Carfentanil is a synthetic opioid that has already led to many overdoses and deaths. Like fentanyl, drug dealers are using carfentanil to cut heroin and selling it as pure heroin. It has a white, powder-like appearance that is similar to that of cocaine and heroin. The drug was previously known as “Wildnil.” Its only use was as an animal tranquilizer because of its ability to immobilize the largest animals almost instantly. Carfentanil is a clone of fentanyl but it is 100 times stronger.
It only takes a tiny bit of the drug to cause an overdose in humans. The practice of cutting heroin with the carfentanil puts users at risk without their ever knowing it. Once a person uses it, even by mistake, they may never have the chance to use it again.
Even in large animals, misusing the drug can lead to severe respiratory and cardiovascular problems. It’s not difficult to see how a drug that is potent enough to drop an elephant can have a devastating impact on a human being! That’s why veterinarians who administer the drug wear rubber gloves and face masks to avoid exposure.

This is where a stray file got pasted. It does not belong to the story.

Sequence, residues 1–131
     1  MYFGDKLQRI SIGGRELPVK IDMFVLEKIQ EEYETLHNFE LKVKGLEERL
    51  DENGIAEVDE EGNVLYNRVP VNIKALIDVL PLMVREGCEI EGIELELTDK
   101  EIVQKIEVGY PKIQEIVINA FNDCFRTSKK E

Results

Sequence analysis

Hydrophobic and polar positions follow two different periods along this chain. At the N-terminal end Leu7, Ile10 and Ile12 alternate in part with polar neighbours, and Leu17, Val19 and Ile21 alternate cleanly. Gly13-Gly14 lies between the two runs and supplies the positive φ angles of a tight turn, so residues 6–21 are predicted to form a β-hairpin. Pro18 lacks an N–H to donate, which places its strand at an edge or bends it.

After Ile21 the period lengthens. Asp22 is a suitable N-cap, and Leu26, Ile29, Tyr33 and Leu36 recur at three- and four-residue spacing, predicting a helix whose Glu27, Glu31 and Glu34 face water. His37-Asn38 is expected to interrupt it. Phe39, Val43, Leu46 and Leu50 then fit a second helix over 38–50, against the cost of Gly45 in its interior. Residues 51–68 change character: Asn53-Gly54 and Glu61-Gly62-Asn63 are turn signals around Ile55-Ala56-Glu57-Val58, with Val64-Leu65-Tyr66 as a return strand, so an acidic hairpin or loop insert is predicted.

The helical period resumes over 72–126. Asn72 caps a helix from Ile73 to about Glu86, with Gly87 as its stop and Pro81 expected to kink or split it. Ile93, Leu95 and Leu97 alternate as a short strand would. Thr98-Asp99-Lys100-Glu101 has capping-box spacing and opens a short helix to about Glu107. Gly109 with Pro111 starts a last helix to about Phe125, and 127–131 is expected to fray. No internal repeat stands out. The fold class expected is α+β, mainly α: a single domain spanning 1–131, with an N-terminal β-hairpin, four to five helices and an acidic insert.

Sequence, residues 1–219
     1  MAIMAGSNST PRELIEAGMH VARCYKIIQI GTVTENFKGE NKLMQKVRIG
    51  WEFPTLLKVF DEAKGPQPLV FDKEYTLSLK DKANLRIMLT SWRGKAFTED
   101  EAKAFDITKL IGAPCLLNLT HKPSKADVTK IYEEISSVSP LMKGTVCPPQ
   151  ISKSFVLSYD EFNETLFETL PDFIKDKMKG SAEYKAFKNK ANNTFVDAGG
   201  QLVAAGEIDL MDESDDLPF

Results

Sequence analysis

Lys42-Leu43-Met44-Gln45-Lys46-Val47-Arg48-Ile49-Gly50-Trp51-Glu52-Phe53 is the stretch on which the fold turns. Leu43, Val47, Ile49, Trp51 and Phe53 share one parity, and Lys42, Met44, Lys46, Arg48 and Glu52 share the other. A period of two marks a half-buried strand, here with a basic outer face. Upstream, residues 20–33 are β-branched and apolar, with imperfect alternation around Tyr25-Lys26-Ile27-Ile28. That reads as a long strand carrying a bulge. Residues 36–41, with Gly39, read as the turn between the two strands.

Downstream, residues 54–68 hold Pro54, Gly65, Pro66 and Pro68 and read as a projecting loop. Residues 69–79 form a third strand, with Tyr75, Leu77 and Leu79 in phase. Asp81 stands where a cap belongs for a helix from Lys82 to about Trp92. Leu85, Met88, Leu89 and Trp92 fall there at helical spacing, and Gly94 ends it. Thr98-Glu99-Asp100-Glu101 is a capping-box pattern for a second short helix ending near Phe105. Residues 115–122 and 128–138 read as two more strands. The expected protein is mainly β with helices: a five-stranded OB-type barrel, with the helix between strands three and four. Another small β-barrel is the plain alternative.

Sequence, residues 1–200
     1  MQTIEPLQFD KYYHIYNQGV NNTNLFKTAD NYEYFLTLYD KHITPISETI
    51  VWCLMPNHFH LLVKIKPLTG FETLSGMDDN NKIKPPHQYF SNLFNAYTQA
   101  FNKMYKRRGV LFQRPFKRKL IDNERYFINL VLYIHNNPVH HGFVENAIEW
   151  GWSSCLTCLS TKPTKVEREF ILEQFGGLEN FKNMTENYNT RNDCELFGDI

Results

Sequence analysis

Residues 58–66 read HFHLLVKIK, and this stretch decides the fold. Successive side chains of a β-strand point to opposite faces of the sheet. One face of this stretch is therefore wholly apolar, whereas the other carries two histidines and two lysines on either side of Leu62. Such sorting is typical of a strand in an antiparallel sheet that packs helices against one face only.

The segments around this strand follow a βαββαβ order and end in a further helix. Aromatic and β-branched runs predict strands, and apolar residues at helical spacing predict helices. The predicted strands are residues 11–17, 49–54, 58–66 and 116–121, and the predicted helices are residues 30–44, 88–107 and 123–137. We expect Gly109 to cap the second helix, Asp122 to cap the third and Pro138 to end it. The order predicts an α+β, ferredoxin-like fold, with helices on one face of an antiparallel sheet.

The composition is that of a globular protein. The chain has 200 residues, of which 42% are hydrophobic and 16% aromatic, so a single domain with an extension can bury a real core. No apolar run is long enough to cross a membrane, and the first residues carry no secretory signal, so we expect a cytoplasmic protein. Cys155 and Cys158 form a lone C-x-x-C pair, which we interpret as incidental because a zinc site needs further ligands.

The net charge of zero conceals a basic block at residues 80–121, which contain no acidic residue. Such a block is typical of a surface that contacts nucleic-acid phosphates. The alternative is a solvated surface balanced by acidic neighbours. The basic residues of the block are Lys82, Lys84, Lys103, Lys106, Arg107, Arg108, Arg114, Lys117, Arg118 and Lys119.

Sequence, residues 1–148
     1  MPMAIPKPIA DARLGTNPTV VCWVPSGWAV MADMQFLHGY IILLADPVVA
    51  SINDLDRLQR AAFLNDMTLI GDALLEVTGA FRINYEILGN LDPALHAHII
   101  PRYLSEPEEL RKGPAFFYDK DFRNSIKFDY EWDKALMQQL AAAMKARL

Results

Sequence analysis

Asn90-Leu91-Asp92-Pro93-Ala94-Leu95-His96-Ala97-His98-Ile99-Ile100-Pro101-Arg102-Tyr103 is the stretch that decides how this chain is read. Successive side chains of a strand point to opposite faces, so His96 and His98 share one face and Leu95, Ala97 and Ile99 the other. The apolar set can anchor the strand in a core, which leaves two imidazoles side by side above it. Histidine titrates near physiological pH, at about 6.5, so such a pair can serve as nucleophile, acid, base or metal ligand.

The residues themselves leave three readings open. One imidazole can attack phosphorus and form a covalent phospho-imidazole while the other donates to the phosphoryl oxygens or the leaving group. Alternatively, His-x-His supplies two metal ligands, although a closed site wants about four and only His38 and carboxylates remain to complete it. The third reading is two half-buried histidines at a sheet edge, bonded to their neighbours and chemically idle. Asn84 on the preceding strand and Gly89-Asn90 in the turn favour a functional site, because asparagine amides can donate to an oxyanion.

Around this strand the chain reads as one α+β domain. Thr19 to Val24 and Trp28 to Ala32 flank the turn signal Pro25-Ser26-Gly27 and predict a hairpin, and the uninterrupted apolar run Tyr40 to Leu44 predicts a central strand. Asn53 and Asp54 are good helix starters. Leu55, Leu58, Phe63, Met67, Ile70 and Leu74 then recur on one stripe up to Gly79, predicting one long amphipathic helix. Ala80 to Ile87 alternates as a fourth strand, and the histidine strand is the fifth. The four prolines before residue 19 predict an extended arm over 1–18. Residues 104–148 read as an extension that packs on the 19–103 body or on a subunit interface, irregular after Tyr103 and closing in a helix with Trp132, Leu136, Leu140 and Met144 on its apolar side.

Fentanyl has already led to many overdoses and deaths from being mixed into heroin without the user’s knowledge. Now, a drug that is many times more potent is finding its way into the market.
Carfentanil as a Recreational Drug
Getting carfentanil without knowing it is only one way that the synthetic opioid is causing problems. Some recreational drug users are seeking out the ‘intense heroin’ to intensify their experience. Some people who have developed a tolerance to heroin like the idea of boosting the drug’s effect. When dealers promise a more potent form of heroin, they go for it without realizing the potential danger.